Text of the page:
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63 women die every day due to the Israeli offensive in Gaza

The humanitarian situation in the Gaza Strip is heartbreaking, exacerbated by Israel's recent military offensive. Period poverty and lack of healthcare are the most pressing issues facing women in this region, which has left many in precarious and vulnerable conditions.



As a result of the ongoing conflict, period poverty, an often overlooked problem, has reached alarming proportions in Gaza. Women in Gaza face a critical shortage of menstrual hygiene products, forcing them to resort to unsafe and degrading methods to manage their periods.


Lack of access to pads, tampons and other suitable menstrual products has led many women to use scraps of cloth, disposable diapers or even fragments of tents. This lack of menstrual hygiene products is humiliating for women and endangers their health because it increases the likelihood of infections and other medical complications.


Women in Gaza not only suffer from period poverty, but also face a widespread health crisis. Gaza's health system is on the verge of collapse due to attacks during the military offensive on civilian infrastructure such as hospitals and health centers. Gaza's ability to provide adequate medical care to its population has been severely limited, with many hospitals severely damaged or completely destroyed. The health crisis in Gaza has been further exacerbated by a lack of medical supplies, a shortage of medical personnel and the disruption of basic health services.


The situation for women in Gaza has worsened due to lack of access to clean water and adequate sanitation . With water and sanitation infrastructure damaged or destroyed during the attacks, many women struggle to find water for drinking, cooking and cleaning, let alone properly washing during their menstrual period. The lack of adequate water and sanitation increases the danger of waterborne diseases and other infections, further worsening the health crisis in Gaza.


Furthermore, many women find themselves in an extremely vulnerable situation due to the increase in gender-based violence during the conflict . Women have no place to shelter due to overcrowding in shelters and lack of personal security. The international community has expressed concern about the humanitarian situation in Gaza and has urged all parties to the conflict to respect international humanitarian law and protect civilians, including children and women. Immediate action is required to address menstrual and health poverty and ensure that all women in the region have access to menstrual hygiene products, adequate healthcare, clean water and safe sanitation.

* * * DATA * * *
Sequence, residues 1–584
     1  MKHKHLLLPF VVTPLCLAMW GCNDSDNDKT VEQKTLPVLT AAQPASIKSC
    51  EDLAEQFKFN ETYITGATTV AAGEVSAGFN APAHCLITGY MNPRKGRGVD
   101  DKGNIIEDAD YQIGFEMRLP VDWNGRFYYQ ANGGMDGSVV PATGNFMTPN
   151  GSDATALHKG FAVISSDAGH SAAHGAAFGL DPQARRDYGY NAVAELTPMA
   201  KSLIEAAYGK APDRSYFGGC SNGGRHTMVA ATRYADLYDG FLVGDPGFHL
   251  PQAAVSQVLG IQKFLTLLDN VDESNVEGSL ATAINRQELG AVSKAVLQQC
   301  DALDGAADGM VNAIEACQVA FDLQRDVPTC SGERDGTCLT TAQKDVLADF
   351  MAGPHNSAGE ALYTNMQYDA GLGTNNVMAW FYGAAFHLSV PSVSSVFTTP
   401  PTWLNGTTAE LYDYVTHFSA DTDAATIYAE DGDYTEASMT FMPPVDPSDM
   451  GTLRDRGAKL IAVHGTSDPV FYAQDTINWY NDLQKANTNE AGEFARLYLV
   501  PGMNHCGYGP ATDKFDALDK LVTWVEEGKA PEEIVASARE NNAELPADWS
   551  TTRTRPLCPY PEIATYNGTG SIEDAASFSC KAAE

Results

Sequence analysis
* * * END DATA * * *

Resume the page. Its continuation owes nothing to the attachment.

In addition, they also face cultural and social barriers that make it difficult to access help and support. Many women feel left silent and without resources to manage their menstruation in a safe and dignified manner due to the stigma associated with menstruation and lack of access to education about menstrual and reproductive health.


In Gaza, an average of 63 women die a day: 37 are mothers who leave their families behind

Various humanitarian organizations and aid agencies are working to provide aid to women and girls in Gaza in response to this crisis. Affected communities are receiving menstrual hygiene kits, medical supplies and food, and psychosocial support programs are being carried out to help women overcome trauma and violence.



The World Health Organization (WHO) indicates that it is necessary to medically evacuate around 8,000 patients, of which around 6,000 suffer various traumas, reflecting the lack of adequate medical resources in the region and the urgency of medical care.


International Women's Day becomes a sad reminder of the harsh conditions faced by women in Gaza in this bleak context. According to the United Nations Palestinian Refugee Agency (UNRWA), since the start of the conflict on October 7, at least 9,000 women have died, and many more are trapped in the rubble and struggling to survive amid the chaos and the destruction.


UNRWA added that "An average of 63 women die a day in Gaza: 37 are mothers who leave their families behind," highlighting the disproportionate impact of violence on women and mothers.


The loss of female life is not only an individual tragedy, but also represents a devastating loss for families and communities in Gaza, further exacerbating problems related to malnutrition, period poverty and healthcare. Women in Gaza face an additional burden of care and responsibility as they struggle to keep their families safe and healthy amid violence and destruction amid the fight for survival.



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